dream content that could be recalled. The percipient's comments and the ex-
perimenter's questions were tape recorded, as was a morning interview in
which the percipient gave associations to his or her dream report. The inter-
views were conducted double blind; neither the percipient nor the experi-
menters knew the identity of the target or the pool of art prints from which the
target had been randomly selected.
To determine the possibility of chance correspondences, the Maimonides
team obtained judgments of similarity between the dream content and each of
the other potential targets in the pool from three judges who worked blind and
independently with materials (i.e., typed transcripts of the dream reports and
copies of the target pool never handled by the agent or experimenters) that had
been mailed to them. Any extrachance difference between targets and nontar-
gets in their congruence to dream transcripts was considered an apparent
anomaly.
For William E., the judges' ranks of the 20 protocols and the numbers of
comparison targets were obtained from the records. An accuracy ratio was cal-
culated by dividing the rank (e.g., l =greatest compatibility between dream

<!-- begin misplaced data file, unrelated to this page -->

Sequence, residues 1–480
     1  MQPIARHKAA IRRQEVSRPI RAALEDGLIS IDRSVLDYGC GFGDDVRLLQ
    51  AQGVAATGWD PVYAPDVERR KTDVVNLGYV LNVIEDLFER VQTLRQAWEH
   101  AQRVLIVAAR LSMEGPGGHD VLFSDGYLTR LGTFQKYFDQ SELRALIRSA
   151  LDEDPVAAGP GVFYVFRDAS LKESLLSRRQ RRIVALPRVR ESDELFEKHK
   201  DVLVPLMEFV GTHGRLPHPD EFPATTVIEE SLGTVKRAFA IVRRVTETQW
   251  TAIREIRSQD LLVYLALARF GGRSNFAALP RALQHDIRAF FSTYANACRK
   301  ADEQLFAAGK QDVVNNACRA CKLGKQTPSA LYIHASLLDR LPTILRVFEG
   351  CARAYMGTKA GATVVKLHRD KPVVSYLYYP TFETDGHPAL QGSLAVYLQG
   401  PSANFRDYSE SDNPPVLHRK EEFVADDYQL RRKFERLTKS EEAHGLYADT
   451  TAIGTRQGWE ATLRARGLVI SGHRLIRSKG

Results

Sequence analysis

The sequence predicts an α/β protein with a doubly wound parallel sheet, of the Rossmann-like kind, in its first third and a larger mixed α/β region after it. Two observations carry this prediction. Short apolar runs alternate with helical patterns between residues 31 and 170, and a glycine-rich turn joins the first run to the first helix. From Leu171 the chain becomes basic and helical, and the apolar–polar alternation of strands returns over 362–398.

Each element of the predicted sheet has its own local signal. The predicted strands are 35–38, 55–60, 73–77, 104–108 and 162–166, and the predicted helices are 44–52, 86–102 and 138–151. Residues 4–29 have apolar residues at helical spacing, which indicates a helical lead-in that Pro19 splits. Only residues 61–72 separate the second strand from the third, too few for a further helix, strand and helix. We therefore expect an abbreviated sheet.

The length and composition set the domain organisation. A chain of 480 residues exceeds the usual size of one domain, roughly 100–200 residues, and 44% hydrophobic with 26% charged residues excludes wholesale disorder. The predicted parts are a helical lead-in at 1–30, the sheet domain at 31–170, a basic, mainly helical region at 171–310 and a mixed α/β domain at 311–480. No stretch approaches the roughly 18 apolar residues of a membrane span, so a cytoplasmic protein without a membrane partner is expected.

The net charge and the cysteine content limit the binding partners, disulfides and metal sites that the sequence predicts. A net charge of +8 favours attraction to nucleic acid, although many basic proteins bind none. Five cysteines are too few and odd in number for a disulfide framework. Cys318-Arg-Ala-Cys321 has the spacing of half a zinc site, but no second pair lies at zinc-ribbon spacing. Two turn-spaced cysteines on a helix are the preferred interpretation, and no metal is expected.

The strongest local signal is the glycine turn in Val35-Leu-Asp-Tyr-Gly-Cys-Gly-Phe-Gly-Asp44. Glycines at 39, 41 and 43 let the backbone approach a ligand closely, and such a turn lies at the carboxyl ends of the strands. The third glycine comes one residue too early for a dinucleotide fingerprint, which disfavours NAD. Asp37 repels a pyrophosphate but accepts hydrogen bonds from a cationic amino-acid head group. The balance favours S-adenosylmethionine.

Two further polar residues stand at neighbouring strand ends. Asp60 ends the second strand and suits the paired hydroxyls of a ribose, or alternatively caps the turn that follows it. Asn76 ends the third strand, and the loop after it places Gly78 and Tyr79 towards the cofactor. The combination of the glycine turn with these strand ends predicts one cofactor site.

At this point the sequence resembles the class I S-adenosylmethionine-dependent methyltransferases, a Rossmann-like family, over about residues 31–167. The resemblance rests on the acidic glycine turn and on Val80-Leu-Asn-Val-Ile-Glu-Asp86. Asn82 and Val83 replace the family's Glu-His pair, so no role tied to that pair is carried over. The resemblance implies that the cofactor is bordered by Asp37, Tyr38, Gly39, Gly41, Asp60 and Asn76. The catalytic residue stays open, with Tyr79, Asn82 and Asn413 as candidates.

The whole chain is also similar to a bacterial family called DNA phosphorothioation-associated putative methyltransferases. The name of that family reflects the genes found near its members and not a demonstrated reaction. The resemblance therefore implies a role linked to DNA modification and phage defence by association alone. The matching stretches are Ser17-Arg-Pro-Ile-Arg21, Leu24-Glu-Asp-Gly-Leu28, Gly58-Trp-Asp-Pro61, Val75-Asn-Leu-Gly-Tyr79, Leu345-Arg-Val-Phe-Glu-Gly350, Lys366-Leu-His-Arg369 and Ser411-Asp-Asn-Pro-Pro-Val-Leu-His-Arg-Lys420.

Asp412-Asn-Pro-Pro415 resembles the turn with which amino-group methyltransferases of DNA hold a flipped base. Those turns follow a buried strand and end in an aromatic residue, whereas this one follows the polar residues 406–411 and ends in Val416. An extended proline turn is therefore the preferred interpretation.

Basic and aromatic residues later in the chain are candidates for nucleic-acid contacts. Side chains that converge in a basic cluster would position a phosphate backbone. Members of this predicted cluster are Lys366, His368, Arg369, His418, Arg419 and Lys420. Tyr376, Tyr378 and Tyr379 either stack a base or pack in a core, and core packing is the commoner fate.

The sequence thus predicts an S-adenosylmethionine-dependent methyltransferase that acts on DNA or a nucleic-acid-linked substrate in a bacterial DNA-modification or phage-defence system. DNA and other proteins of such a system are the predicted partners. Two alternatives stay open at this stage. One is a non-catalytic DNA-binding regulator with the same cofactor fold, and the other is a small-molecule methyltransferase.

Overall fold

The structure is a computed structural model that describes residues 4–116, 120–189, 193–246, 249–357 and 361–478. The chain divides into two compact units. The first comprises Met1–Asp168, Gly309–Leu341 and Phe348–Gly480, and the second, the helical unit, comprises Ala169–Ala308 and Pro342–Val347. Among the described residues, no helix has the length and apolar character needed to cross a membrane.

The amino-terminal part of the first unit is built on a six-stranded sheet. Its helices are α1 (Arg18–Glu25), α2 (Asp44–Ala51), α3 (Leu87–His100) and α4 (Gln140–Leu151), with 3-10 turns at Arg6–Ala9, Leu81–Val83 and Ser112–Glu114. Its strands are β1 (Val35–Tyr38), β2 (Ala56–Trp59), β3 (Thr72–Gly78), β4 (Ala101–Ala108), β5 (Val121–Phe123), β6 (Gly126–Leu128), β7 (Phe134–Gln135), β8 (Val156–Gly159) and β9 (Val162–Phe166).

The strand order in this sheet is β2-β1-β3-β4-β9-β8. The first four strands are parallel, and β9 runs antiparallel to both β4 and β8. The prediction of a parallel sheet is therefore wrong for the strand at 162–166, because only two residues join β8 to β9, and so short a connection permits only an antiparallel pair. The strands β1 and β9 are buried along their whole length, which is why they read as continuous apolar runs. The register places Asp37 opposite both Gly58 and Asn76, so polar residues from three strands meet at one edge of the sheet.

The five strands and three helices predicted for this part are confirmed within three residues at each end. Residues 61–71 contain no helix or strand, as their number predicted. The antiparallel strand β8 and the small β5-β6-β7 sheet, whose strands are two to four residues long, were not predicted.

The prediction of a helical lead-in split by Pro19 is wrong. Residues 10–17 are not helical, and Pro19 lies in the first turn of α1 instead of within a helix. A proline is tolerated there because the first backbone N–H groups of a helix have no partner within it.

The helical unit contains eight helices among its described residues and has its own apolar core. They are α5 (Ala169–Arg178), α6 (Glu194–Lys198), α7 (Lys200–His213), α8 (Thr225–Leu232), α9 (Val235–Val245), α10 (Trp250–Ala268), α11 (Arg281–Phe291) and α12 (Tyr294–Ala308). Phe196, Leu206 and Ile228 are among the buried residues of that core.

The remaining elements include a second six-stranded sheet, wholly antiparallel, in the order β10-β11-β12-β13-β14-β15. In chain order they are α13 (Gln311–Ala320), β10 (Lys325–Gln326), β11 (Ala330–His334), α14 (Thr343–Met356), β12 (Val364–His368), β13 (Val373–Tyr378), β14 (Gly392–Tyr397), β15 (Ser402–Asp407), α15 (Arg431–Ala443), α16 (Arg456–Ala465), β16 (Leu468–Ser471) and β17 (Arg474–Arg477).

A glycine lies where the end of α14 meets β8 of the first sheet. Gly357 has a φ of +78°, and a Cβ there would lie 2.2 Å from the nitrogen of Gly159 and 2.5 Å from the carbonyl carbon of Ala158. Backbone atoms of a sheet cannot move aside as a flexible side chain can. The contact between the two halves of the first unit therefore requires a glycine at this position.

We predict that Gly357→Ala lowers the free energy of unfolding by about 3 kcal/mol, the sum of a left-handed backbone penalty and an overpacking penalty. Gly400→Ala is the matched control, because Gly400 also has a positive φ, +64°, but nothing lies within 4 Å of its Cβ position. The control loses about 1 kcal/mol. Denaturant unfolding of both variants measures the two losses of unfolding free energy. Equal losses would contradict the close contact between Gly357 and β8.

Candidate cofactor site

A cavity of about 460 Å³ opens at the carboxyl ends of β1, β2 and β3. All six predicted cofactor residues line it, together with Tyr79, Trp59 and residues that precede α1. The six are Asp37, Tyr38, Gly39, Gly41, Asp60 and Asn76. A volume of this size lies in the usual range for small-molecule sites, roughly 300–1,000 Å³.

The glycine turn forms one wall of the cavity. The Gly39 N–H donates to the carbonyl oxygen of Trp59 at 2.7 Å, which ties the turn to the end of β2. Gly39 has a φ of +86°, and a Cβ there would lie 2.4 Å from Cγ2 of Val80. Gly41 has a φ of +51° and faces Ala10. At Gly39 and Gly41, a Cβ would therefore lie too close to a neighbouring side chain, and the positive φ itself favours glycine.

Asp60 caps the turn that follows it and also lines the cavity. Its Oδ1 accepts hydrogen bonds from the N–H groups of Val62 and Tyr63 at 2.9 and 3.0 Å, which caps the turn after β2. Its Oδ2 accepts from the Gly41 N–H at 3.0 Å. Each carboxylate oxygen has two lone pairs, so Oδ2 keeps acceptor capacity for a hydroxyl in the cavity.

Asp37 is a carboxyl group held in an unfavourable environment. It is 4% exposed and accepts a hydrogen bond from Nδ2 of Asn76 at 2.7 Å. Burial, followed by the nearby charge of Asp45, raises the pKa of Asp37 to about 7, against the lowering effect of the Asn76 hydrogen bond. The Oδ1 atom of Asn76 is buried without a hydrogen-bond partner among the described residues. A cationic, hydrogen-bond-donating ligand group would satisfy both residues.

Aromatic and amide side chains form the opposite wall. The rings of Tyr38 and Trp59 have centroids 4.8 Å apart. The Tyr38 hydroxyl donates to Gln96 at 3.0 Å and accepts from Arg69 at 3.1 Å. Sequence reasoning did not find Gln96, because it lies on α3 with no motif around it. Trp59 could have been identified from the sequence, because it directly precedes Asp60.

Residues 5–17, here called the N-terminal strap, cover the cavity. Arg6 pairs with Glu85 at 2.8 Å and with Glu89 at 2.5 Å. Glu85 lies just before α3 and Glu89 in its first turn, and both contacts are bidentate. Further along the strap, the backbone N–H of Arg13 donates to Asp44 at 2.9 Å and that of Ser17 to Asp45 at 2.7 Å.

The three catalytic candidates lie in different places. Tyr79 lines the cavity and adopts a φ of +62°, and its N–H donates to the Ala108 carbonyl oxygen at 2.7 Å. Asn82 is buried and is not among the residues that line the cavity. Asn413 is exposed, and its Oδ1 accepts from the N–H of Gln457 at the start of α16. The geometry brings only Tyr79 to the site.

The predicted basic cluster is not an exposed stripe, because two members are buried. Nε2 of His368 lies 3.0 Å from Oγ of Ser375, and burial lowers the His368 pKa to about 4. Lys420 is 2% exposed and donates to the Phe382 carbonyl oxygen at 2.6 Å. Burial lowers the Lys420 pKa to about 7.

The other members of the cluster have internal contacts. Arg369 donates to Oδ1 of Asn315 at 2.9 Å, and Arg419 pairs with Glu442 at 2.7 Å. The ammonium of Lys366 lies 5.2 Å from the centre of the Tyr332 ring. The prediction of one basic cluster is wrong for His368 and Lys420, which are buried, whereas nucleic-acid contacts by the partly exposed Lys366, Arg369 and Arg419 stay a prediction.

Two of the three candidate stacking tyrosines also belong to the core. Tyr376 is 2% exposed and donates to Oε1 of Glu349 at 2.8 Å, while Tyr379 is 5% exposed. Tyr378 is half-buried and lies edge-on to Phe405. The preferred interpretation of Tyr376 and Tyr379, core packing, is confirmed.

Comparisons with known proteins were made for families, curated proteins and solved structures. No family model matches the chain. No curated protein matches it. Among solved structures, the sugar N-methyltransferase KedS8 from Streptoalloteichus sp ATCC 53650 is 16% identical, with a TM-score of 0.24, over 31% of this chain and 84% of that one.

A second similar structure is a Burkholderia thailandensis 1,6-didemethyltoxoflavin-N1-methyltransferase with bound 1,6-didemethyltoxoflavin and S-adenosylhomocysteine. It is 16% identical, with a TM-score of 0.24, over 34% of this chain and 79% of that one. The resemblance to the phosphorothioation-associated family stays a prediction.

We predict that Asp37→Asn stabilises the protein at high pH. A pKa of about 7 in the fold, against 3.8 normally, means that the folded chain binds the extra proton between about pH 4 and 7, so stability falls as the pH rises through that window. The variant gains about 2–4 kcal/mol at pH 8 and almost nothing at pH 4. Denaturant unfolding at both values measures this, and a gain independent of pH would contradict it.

content and target picture) by the number of reference pictures (range 6 to 12).
The mean and standard deviation for this ratio were 0.3 1 (range 0.13 to 1.00)
and 0.25 respectively. Because a rank of 1 indicated the greatest concordance
between dream content and target, the smaller ratios are inferred to reflect a
larger magnitude of psi. From a dichotomous perspective, 10 of the nights
were "high hits" with maximum concordance while the remaining 10 were out-
side of this range.
The daily average aa (antipodal) index (Mayaud, 1973) was selected as the
most appropriate measure of planetary geomagnetic activity. The aa index is
the oldest continuous geomagnetic index, initiated in 1868. Although the aa
values are based upon data from only two stations (one in each of the hemi-
spheres), the daily aa index is highly correlated with better known daily global
measures that utilize the magnetic activity from several geomagnetic observa-